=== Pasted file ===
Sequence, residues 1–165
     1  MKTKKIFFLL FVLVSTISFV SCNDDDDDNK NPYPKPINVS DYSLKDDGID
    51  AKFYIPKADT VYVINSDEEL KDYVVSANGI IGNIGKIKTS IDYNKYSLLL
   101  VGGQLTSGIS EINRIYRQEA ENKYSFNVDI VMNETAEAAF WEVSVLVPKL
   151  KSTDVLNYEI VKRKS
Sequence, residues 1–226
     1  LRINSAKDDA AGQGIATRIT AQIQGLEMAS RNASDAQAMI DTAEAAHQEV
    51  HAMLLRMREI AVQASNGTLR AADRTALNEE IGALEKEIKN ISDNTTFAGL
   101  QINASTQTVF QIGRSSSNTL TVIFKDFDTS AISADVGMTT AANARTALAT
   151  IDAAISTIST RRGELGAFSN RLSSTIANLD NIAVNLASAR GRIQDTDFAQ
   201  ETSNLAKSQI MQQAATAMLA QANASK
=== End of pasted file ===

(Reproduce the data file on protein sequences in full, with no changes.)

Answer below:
Sequence, residues 1–165
     1  MKTKKIFFLL FVLVSTISFV SCNDDDDDNK NPYPKPINVS DYSLKDDGID
    51  AKFYIPKADT VYVINSDEEL KDYVVSANGI IGNIGKIKTS IDYNKYSLLL
   101  VGGQLTSGIS EINRIYRQEA ENKYSFNVDI VMNETAEAAF WEVSVLVPKL
   151  KSTDVLNYEI VKRKS
Sequence, residues 1–226
     1  LRINSAKDDA AGQGIATRIT AQIQGLEMAS RNASDAQAMI DTAEAAHQEV
    51  HAMLLRMREI AVQASNGTLR AADRTALNEE IGALEKEIKN ISDNTTFAGL
   101  QINASTQTVF QIGRSSSNTL TVIFKDFDTS AISADVGMTT AANARTALAT
   151  IDAAISTIST RRGELGAFSN RLSSTIANLD NIAVNLASAR GRIQDTDFAQ
   201  ETSNLAKSQI MQQAATAMLA QANASK